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2136 The association of ABO and Rh blood groups with 30-day mortality following traumatic injury – a retrospective observational study
  1. Jane Li1,
  2. Rachel Bell1,
  3. Ed Barnard2,
  4. Liam Barrett2,
  5. Bushry Basheer1,
  6. Jacques Bowman3,
  7. Adrian Boyle2
  1. 1University of Cambridge
  2. 2Cambridge University Hospitals
  3. 3Cambridge University Hospitals Trauma Service


Aims and Objectives Trauma is a leading cause of death for those under 44. Patients with blood group O (bgO) have been reported to have higher mortality. The existing hypothesis (that lower levels of circulating von Willebrand factor/factor VIII in patients with bgO increases mortality through a bleeding tendency) has not been tested. Our study uniquely investigates the association between all ABO Rh groups and 30-day all-cause mortality in a large adult trauma patient cohort. Understanding post-trauma physiological shifts may identify potential therapeutic targets to attenuate risks.

Method and Design All patients ≥16 years old attending the East of England Major Trauma Centre (2016-2019) who met Trauma Audit Research Network (TARN) criteria were included. The primary outcome was 30-day mortality; secondary outcomes included admission clotting profile (PT/aPTT). Data reported as number (percentage), median [interquartile range]. Proportions were compared with a Chi-square test, reported as relative risk (95% confidence interval) (RR (95%CI)). Continuous data were compared with a Kruskal-Wallis test, reported as p-value. Data analyses were performed in Python v.3.8.9. Bonferroni correction was used for multiple comparisons.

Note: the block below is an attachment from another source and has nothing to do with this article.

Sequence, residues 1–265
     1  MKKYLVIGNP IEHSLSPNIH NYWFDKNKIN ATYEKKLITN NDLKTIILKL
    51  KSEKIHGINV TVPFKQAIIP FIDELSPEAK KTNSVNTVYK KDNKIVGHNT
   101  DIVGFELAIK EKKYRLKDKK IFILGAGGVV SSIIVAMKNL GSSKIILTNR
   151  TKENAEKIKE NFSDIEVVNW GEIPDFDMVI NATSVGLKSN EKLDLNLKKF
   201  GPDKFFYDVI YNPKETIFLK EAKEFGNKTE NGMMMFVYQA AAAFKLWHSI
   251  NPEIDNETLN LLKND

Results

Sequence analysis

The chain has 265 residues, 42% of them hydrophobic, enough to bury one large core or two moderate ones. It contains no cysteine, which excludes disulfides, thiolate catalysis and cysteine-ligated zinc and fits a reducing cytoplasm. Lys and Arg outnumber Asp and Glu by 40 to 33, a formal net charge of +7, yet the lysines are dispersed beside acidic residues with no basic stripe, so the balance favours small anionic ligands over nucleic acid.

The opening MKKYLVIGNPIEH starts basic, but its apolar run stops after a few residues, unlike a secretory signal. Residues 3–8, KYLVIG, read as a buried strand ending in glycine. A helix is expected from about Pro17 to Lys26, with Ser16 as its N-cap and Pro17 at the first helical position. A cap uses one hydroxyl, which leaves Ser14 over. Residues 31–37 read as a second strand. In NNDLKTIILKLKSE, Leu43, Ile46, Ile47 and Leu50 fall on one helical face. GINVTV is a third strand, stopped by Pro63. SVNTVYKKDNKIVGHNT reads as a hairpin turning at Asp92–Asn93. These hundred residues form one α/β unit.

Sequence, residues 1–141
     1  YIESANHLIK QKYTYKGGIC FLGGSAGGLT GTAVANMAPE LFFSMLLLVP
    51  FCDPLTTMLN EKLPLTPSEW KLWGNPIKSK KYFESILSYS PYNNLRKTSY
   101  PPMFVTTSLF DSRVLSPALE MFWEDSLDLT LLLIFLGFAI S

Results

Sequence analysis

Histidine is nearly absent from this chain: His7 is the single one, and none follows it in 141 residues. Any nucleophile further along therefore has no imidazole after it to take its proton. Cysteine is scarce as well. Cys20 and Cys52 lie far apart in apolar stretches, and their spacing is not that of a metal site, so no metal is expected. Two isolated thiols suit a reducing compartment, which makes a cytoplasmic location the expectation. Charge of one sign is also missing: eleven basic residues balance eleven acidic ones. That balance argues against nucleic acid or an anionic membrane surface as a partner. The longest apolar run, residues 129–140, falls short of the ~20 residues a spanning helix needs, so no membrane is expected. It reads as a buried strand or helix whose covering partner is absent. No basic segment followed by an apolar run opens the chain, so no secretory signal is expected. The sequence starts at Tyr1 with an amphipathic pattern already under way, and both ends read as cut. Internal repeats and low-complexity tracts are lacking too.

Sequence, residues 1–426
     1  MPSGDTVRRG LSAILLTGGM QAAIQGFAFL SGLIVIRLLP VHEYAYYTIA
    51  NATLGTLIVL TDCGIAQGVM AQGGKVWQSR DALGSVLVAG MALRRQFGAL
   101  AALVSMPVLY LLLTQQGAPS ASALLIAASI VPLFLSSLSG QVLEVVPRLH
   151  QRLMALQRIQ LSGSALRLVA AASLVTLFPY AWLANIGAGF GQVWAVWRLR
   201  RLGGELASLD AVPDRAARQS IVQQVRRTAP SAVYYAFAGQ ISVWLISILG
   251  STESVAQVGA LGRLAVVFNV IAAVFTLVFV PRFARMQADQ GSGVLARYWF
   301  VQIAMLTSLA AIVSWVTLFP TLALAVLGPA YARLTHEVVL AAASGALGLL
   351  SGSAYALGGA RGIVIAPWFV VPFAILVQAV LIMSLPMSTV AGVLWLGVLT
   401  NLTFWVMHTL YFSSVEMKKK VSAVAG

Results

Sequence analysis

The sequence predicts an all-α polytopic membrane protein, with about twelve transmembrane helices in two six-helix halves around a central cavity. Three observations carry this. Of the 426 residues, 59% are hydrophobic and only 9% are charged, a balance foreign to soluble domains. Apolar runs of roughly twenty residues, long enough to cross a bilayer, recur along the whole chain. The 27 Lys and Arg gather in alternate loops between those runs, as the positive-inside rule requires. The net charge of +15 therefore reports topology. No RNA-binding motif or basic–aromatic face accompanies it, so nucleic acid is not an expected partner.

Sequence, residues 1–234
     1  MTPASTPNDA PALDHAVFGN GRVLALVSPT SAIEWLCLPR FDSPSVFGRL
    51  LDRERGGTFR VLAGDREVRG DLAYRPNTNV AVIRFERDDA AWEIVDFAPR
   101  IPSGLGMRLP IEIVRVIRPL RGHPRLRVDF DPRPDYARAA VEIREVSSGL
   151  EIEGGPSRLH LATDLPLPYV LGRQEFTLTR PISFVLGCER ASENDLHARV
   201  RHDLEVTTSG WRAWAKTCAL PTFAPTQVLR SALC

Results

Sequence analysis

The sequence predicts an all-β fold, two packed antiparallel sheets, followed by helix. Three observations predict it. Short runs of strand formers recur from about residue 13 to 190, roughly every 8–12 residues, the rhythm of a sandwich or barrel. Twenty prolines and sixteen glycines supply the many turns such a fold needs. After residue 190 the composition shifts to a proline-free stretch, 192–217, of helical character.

Results and Conclusion 4188 patients were included. The median age was 59.3 [39.0-77.9] years, n=2634 (62.9%) were male, the median injury severity score was 19 [10-25], and 30-day mortality was 9.3%. Pairwise comparison demonstrated increased mortality in O Rh negative patients (Oneg) compared to three other groups, table 1. Compared to all other ABO Rh groups combined, Oneg patients had significantly greater 30-day mortality – 15.1% compared to 8.8%; RR 1.72 (95%CI 1.32-2.24), p=0.0002 (significance defined as p<0.0063 (eight comparisons)). There was no difference in admission PT or aPTT between Oneg and all other groups combined, p=0.12 and p=0.26 respectively. Trauma patients with Oneg had significantly greater 30-day mortality compared to other ABO Rh groups, which questions the existing hypothesis of the underlying mechanism.

Abstract 2136 Table 1

A pairwise comparison of 30-day mortality between all ABO Rh blood groups in n=4188 trauma patients at the East of England Major Trauma Centre (2016-2019)

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